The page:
Ritchie and facts

Japanese debt has become about the most expesnive in the world to insure.

Rilly?

Gosh:

The Bank of Japan\’s promise yesterday of a ¥15 trillion ($182 billion) cash injection into its banking system managed to soothe global equities, but not debt markets as Japanese government credit default swap rates used to insure against debt default soared 13 points to 92.

Amazing:

Greece’s credit default swaps fell by 60 basis points to 985 bps, with all other regional Eurozone states’ swaps falling with the exception of Ireland. (ANA-MPA) The yield spread between the 10-year Greek and German benchmark bonds eased below 940 basis points, from 965 bps early in the day.

Absolutely astonishing.

Insuring Japanese Government debt costs 10% of the cost of insuring Greek Government debt and this makes Japanese debt asbout the most expensive in the world in insure?

You mean that Japanese rates have risen to as much as twice German? Half Spanish?

My word!

Our Murph, never a man to let a fact come in the way of a good ol\’ rant.

5 thoughts on “Ritchie and facts”

  1. Let’s look at this even more simply, just as Sky News did last night.

    The interest rate the Greek government has to put on its bonds is over 10%

    The vig offered by the Japs? 1.9%

    If the Bubbles have to offer more than 5 times more return than the Nips just to get mugs to lend them cash, this tells me the markets rank Japan as a pretty low risk investment.

  2. I wonder how much of the reconstruction is going to be paid for by insurance claims under-written from Bermuda and other low-tax jurisdictions?

    So will Murphy and the other campaigners be complaining, saying that less money should be available for reconstruction because those insurers should have been taxed?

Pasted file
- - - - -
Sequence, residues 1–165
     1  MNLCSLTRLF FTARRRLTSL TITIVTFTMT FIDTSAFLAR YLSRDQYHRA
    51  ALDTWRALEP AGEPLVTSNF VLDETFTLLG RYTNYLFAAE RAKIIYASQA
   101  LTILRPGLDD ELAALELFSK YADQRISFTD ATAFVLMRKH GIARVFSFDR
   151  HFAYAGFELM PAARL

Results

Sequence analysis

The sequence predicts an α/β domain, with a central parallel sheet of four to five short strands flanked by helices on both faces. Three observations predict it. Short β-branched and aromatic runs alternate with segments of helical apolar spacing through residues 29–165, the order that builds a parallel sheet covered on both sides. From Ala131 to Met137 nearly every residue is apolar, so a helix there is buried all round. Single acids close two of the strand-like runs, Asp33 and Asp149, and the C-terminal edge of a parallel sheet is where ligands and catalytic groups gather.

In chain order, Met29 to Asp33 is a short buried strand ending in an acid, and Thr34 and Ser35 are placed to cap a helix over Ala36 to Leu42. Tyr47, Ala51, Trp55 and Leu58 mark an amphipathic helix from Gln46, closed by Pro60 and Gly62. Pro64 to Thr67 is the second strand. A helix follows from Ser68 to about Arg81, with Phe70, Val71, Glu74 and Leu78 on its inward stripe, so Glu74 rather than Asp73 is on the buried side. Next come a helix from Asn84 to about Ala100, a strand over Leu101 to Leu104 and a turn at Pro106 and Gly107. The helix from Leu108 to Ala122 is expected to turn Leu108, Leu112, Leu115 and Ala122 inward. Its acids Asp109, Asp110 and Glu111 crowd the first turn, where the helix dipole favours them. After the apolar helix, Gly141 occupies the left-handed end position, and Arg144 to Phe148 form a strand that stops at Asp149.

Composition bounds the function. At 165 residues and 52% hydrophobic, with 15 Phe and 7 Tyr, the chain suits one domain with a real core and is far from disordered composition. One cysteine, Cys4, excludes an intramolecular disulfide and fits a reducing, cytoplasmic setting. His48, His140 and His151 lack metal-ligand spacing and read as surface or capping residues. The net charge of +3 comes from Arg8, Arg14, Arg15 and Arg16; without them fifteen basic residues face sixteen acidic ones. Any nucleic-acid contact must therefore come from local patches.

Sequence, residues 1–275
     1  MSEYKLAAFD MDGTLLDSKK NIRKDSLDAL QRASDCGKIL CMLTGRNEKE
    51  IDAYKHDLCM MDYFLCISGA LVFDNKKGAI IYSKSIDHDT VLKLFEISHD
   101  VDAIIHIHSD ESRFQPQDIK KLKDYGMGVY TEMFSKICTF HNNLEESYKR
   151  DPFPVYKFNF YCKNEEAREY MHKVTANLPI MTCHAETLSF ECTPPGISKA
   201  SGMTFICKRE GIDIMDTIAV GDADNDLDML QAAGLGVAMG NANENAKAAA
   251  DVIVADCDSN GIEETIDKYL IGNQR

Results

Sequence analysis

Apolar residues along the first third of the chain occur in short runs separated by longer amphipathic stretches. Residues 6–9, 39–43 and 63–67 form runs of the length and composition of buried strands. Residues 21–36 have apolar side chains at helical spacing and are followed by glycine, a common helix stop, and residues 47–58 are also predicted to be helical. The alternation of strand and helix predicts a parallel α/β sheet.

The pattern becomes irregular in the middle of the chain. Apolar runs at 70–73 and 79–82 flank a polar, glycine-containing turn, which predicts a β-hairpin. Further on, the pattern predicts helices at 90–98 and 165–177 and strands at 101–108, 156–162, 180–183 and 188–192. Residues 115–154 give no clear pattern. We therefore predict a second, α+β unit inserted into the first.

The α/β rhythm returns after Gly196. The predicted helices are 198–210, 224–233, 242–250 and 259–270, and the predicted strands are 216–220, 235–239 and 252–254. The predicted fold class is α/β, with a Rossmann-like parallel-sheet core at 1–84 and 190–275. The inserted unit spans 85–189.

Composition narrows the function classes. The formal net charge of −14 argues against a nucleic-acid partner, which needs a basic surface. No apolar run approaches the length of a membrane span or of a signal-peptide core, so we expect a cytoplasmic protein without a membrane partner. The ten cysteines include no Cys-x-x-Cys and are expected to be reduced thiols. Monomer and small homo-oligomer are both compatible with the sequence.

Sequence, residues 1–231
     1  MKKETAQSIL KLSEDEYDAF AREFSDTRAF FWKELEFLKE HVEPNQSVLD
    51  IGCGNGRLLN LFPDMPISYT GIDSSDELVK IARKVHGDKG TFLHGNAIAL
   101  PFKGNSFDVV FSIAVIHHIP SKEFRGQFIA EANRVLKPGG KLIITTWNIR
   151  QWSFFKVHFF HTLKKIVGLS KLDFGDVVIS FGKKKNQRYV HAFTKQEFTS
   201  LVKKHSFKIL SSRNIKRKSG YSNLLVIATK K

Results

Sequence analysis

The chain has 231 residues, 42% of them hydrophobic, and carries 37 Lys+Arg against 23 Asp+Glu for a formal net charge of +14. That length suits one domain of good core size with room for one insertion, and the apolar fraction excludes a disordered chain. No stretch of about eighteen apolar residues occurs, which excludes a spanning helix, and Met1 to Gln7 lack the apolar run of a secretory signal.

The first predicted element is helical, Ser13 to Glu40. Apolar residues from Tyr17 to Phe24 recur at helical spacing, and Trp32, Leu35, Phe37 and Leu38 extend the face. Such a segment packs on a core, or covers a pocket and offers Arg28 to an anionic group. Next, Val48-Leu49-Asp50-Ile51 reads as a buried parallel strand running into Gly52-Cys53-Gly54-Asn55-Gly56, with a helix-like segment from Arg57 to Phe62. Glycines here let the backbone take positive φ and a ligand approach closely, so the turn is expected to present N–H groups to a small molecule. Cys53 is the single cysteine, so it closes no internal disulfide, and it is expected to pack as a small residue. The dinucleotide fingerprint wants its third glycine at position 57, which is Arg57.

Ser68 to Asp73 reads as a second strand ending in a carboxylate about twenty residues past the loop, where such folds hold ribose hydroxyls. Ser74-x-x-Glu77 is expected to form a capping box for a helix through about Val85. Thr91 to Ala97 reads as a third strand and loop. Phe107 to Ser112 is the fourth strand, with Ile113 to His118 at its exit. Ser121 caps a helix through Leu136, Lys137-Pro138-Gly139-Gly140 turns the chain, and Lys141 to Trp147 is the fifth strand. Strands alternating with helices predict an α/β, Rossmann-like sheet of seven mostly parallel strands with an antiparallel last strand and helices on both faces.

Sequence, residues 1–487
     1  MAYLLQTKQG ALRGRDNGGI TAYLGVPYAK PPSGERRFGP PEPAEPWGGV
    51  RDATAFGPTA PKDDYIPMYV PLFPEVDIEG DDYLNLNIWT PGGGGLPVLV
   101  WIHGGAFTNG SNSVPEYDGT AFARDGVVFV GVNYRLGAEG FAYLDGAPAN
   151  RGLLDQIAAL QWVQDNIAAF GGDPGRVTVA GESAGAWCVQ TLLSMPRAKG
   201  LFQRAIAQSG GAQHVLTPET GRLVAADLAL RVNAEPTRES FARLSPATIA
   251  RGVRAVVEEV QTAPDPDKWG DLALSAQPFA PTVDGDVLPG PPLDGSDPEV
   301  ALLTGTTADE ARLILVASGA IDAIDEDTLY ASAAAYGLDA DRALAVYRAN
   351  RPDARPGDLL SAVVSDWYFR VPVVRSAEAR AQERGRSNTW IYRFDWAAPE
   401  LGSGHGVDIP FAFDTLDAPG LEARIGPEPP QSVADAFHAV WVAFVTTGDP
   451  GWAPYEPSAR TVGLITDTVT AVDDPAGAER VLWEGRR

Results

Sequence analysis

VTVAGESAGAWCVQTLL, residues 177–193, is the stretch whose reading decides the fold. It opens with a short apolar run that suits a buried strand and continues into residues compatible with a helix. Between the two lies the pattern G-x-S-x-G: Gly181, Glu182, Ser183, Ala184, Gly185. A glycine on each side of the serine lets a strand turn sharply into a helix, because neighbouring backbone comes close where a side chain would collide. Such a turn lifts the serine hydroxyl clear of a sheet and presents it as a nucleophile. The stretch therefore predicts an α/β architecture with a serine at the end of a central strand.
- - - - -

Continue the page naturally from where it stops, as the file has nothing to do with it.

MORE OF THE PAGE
3. “have to offer more than 5 times more return than the Nips just to get mugs to lend them cash”

    Most of the Japanese government bonds are funded by the Japanese citizenry themselves.

  4. Kay Tie

    Jap citizens, the gnomes of Zurich or the polar bears of Churchill Bay? Does it really matter? Personally I think not. Indeed as I understand things, it’s the identity of the borrower (and hence the likelyhood of being repaid) that determines the interest rate.

    The market says that people will lend to the Jap government at a return of 1.9% ie they view lending to the greys suited bureaucrats of Tokyo as relatively risk free.

    Lending to the schysters in Athens, on the other hand, is viewed as being akin to shoveling your pennies into a slot machine and pulling the handle in the hope of a return.

  5. Kay Tie still has a point, in that buyers aren’t necessarily rational.

    If most Japanese government borrowing involves borrowing from ordinary Japanese savers (which, AIUI, it does), then they almost certainly have a completely skewed view of risk, as well as a societal pressure to help the government – so the government can continue to borrow money from them indefinitely. That keeps JPY-denominated sovereign debt low, even if international investors think Japan’s the most terrifying risk in the world and wouldn’t touch it with a million-foot pole.

    Similarly, if nobody in Greece saves any money (other than gold under the mattress and Swiss francs in offshore accounts), which strikes me as probable, then the Greek government has no alternative but to borrow money from foreigners.

    Tim adds: As Adam Smith pointed out, people do have a propensity to prefer the domestic trade over the foreign…..

    It’s also true that given Japanese price deflation, lending your Yen to the Japanese Govt at these sorts of interest rates gets you something like 4% real returns. It’s a low nominal rate to be sure, but rather a high real one.

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